Vision to the future: Youth initiatives oriented to water management and accessibility

By:

  • Raiza Quillahuaman

  • Daniel Cutimanco

  • Esteban Cabrera


The yearning for change


To understand reality is to have the ability to look at it from different perspectives beyond one's own; realities that, in many cases, are often very different from our own.

From an approach based on empathy and solidarity, it awakens in young people the desire to generate positive change. This, with the purpose of shortening those gaps that prevent many people from achieving a dignified and quality life.

Among these gaps that are needed to be bridged are the scarcity and poor accessibility to water, a vital resource for the development of life and that continues to be a longing for an important sector of the local and global population.

Despite a series of efforts made over the years to reduce this complex situation, much remains to be done. Learning from what has been done will allow us to generate better conditions for millions of people who need an improvement in terms of health and food; being aware of access to drinking water in the proliferation of diseases, as well as in the quality of agricultural and livestock production. UNHCR (2019)


From a global perspective: IWA + Youth for Water


We are facing a global problem where more than 40% of the population does not have access to water resources.

In Africa, two out of every three inhabitants of rural areas do not have access to drinking water, according to the Action Aid Organization, which causes deaths due to dehydration and malnutrition, as a result of the lack of food derived from the scarce agricultural and livestock production. In addition to generating precarious conditions that add to the spread of infectious diseases such as cholera, according to UN data (2019).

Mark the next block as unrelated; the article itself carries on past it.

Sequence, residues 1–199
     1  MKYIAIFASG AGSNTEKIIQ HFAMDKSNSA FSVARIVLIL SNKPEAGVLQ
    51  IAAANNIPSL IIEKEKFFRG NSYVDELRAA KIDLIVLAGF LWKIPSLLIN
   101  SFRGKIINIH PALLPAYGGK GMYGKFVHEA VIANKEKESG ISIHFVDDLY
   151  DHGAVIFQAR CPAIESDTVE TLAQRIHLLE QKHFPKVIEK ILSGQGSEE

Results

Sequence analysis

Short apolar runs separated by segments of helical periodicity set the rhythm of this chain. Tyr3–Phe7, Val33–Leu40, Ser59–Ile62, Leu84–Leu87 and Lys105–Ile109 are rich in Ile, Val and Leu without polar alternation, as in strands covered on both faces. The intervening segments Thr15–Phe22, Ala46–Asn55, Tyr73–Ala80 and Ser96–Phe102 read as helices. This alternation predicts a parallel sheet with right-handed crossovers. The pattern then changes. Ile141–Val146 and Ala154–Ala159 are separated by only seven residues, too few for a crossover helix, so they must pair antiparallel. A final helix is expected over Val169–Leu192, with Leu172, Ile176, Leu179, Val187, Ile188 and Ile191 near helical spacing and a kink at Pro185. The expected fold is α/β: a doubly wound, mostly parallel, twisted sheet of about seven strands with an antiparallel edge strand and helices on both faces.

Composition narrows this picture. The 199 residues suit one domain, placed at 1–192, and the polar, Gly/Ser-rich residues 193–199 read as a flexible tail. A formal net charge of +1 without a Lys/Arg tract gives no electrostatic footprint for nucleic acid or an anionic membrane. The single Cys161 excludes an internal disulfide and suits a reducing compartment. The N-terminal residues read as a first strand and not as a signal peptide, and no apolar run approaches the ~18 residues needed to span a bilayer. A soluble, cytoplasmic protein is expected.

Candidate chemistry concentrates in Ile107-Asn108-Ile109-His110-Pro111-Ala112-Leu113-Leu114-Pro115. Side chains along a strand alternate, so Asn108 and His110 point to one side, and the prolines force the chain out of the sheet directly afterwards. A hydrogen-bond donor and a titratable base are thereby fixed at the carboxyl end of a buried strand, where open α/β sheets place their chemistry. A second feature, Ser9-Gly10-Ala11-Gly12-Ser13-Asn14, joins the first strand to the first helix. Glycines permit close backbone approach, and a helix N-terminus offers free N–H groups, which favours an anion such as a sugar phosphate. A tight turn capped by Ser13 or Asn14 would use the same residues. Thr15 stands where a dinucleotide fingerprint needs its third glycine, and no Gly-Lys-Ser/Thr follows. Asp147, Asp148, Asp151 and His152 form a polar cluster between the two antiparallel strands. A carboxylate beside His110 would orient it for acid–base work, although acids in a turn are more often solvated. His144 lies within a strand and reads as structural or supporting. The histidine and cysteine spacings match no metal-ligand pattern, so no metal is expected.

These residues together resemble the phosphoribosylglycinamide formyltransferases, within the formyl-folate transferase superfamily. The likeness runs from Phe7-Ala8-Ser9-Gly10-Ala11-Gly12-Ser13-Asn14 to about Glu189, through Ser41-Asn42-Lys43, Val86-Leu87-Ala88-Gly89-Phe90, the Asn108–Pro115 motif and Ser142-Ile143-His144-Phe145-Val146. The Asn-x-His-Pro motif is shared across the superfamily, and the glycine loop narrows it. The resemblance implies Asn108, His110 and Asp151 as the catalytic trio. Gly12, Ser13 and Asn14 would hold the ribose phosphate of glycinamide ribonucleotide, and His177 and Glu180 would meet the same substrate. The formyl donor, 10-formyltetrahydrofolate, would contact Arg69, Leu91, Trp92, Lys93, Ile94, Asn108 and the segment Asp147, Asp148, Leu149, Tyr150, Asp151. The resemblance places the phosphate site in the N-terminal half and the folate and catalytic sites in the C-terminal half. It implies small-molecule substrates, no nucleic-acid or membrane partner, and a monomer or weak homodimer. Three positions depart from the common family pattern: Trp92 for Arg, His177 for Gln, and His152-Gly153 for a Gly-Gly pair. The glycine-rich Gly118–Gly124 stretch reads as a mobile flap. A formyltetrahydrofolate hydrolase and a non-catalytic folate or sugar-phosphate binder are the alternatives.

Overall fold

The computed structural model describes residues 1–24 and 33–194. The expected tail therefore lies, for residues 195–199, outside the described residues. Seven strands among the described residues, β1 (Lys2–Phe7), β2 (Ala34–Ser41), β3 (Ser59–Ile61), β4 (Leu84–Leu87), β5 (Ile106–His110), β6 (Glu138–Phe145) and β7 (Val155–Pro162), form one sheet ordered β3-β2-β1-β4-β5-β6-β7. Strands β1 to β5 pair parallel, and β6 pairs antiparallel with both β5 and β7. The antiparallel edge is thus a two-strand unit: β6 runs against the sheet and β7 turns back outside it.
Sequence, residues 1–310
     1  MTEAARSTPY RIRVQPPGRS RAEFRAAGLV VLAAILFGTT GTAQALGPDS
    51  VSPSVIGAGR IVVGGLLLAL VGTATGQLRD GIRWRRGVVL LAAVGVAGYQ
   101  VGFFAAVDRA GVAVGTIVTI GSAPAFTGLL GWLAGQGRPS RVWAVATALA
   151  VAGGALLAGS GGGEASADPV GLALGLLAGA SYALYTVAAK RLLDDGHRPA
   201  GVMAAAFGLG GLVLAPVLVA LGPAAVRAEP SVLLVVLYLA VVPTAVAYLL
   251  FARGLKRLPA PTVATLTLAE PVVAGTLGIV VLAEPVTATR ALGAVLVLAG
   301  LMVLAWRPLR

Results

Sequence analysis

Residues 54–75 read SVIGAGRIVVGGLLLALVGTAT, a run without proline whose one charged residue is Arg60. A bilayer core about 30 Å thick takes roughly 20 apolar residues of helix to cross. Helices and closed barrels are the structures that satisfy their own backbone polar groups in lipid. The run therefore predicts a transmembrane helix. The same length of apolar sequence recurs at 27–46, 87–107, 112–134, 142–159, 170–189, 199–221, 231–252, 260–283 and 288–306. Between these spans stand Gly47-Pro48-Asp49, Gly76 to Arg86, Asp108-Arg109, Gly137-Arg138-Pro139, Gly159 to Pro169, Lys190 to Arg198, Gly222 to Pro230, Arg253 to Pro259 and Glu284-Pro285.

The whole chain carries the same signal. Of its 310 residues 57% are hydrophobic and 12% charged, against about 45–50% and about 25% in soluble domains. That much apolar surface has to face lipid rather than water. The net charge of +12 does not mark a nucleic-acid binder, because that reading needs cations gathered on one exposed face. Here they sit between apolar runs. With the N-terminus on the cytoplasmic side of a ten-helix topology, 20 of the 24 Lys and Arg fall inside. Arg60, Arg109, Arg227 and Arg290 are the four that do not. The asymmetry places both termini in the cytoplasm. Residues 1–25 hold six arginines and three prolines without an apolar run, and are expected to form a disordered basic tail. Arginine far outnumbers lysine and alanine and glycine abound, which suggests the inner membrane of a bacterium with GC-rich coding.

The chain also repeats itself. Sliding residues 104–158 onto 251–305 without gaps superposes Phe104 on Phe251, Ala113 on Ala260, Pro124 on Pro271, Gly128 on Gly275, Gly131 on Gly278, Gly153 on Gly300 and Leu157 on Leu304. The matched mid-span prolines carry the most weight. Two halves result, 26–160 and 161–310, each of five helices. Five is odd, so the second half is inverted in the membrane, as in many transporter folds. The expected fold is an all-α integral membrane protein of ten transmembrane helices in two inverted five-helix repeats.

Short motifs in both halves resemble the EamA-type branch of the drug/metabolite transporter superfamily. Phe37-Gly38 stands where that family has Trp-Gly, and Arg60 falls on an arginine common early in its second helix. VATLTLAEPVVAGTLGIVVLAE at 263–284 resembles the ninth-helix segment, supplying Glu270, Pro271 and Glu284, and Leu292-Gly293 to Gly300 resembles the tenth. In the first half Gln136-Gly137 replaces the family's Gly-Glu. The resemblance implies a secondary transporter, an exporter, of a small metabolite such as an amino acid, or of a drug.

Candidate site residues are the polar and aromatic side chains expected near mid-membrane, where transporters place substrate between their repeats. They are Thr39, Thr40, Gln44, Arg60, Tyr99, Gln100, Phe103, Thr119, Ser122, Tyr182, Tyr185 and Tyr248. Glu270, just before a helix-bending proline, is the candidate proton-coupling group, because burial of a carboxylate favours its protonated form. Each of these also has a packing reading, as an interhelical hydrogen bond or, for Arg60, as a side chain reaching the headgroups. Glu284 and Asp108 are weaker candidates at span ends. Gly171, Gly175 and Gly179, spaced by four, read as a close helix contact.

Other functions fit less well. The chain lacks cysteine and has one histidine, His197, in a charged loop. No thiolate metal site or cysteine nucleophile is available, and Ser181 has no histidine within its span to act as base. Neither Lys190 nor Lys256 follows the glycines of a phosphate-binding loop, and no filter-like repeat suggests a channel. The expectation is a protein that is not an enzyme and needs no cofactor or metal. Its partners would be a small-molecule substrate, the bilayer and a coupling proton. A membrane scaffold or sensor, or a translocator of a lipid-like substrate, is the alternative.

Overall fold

The excessive urban growth of Latin America, not unrelated to the problem, has increased the precarious conditions of the habitat, caused by the difficult access to clean and safe water.

Although Latin America is the subcontinent with the highest availability in the world, according to reports by Deutsche Welle (2021), it is important to differentiate between availability and access, where it is stated that "177 million inhabitants do not have water and sanitation services. In addition to this population, 256 million inhabitants in the region evacuate their waste through latrines and septic tanks", showing that the lack of water is equivalent to a greater creation of infectious foci of various viruses and germs.

In the face of these problems, various ways have been suggested to make impactful changes that help to mitigate the effects exposed. One fact to highlight is the importance of youth leadership in the resolution of problems and the search for solutions to the issues raised.

In particular, there are two international youth initiative organisations that stand out for their work in this field: The International Water Association (IWA) and the World Youth Parliament for Water (WYPW).

IWA is a non-profit organisation and knowledge hub for the water sector. It is a networking environment where professionals (scientists, researchers, technology and water sector entrepreneurs, among others) from more than 130 countries generate innovative approaches to water issues.

Its Strategic Plan 2019-2024 (2019) indicates that the organisation is focused on the Sustainable Development Goals (SDG), specifically SDG 6: Clean Water and Sanitation. One of the issues raised in the document is the difference in how the water issue affects countries according to their income level.

In lower-income countries, population growth and urbanisation have greatly increased the demand for water, generating the need to increase the supply of this public service through greater operational and commercial efficiency. High-income countries, on the other hand, are required to be aware of and to anticipate future challenges, as well as to collaborate with their lower-income peers.

Another problem faced is the lack of human resources caused by educational deficiencies. In this regard, IWA helps to bridge the capacity gap by training and preparing young people in water treatment and, in particular, sanitation.